How big is the problem? According to calculations by the Committee for a Responsible Federal Budget, if House Republicans were to simply plug their health repeal and replace bill into last year’s budget resolution, they would fall $350 billion short of balance by the end of their 10-year goal. And if further Medicaid savings are taken off the table, the gap is more like $500 billion.

“It’s going to be extremely difficult,” admitted budget panel member Cole.

Copyright © 2017 Capitol Hill Blue

Copyright © 2017 The Associated Press. All Rights Reserved

7 thoughts on “Even Republicans hate their own health plan”

  1. It’s all nonsense anyway: If you cut off Medicaid then those poor people go get very expensive ER treatment and lousy followup care. Hospitals charge their care to other insured patients and get government subsidies, so we all pay for it. But we pay a lot more because ERs are much more expensive than doctor’s office visits. They are just shuffling around the deck chairs on the Titanic. Single payer works fine for the military, their dependents, their retirees, and the VA. Why not for everybody? Its got to be cheaper than what we have now.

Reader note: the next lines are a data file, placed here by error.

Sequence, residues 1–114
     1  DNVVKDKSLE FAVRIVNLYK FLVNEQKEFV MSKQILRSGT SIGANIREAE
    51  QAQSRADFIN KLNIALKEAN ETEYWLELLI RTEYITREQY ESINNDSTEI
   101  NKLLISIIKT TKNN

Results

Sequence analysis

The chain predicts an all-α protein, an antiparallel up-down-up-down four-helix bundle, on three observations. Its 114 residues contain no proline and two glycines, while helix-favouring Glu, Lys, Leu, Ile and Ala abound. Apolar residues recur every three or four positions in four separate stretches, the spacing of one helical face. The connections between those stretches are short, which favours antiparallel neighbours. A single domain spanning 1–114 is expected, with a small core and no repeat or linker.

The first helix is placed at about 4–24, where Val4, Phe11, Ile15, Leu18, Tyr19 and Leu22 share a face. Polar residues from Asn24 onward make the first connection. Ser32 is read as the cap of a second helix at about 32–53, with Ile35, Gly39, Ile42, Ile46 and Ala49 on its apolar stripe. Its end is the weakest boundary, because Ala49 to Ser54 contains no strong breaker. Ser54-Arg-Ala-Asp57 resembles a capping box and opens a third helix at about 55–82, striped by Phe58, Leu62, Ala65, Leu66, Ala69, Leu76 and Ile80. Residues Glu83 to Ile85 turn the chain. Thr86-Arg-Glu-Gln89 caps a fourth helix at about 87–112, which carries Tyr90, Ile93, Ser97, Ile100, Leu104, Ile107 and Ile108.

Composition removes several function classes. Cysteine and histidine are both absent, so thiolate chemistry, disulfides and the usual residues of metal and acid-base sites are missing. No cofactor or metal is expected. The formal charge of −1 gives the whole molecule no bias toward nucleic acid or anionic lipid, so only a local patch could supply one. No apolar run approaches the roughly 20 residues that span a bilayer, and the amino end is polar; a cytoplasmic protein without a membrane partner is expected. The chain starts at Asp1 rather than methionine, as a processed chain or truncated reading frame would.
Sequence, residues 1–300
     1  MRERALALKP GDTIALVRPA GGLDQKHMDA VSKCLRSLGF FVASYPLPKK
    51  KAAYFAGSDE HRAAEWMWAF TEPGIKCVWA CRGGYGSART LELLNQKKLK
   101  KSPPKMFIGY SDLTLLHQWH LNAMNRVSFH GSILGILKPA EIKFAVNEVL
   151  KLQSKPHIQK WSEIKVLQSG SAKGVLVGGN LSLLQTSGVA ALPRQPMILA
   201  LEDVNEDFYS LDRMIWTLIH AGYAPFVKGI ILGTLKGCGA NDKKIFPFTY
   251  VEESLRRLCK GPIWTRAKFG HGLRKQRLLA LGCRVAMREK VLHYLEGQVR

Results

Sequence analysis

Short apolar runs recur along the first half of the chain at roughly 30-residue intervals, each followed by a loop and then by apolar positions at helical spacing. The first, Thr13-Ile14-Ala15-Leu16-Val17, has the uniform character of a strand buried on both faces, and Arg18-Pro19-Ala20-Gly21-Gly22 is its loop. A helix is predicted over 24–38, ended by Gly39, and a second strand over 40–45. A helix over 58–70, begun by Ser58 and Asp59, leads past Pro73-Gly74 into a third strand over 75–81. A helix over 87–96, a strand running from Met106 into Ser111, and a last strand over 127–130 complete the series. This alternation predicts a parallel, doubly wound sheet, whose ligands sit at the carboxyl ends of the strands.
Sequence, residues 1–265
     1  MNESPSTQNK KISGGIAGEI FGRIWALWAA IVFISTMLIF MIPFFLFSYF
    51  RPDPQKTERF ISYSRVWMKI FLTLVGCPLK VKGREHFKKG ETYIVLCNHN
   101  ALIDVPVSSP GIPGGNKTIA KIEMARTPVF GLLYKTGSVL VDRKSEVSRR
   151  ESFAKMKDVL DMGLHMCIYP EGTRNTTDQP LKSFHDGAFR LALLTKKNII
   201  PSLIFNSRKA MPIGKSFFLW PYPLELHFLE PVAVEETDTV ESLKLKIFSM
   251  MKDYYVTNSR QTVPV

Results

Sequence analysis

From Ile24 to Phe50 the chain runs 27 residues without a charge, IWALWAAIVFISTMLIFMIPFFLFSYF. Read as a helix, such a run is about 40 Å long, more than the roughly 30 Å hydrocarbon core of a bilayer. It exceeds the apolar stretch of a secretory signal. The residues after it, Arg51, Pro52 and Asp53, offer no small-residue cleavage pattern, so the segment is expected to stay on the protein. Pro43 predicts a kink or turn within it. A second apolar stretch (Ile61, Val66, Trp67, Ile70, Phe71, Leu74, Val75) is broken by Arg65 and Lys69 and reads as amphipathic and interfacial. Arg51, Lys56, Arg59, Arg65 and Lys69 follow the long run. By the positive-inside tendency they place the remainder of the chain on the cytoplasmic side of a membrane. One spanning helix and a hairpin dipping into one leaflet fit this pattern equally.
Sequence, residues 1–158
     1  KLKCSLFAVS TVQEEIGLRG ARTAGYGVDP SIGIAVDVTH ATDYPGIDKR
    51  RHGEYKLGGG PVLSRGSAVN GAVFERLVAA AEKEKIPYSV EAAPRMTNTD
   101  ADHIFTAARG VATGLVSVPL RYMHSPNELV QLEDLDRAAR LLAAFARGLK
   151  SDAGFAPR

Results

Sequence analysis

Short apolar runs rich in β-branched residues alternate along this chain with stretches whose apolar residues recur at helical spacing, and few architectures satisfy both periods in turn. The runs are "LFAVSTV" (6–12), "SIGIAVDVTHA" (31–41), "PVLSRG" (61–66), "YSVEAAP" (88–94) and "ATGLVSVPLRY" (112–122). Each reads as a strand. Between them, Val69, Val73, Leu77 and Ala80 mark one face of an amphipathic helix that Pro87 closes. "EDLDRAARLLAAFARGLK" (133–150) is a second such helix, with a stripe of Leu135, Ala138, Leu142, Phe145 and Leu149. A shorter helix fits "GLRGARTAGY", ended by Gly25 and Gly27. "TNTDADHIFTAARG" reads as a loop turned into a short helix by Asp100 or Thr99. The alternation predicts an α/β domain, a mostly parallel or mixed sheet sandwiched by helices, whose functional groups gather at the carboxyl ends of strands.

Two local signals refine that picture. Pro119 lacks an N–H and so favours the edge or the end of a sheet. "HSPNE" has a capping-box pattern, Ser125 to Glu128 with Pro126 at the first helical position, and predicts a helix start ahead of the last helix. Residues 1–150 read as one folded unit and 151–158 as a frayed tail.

BTW: Why not just call Republican “tax reform” the “give rich people more money” plan? That would be a lot more honest.

  2. You have to admit that with all of the shortcomings of the ACA, the way Obama put it together was genius. In that it’s not susceptible to congressional funding. But it’s the plan put forward by the Heritage Foundation and by Mitt Romney when he was governor of Massachusetts. Look on YouTube and you’ll see Newt Gingrich singing its praises in the 1970’s about the individual mandate. The hippocracy is incredible, but unfortunately, the voters have short memories.

    • Hafta admit I love the idea of a hippocracy. Rule by hippopotamus!

      It works! They’re highly dangerous (kill far more people than sharks (Hipponado, anyone?)) enormous flatulent herd animals that blunder around in the dark doing tremendous damage and hide from the light by burying themselves up to their noses in mud.

      The word you want might be ‘hypocrisy’, but I like hippocracy. It’s difficult to think of a better metaphor for today’s government of the USA.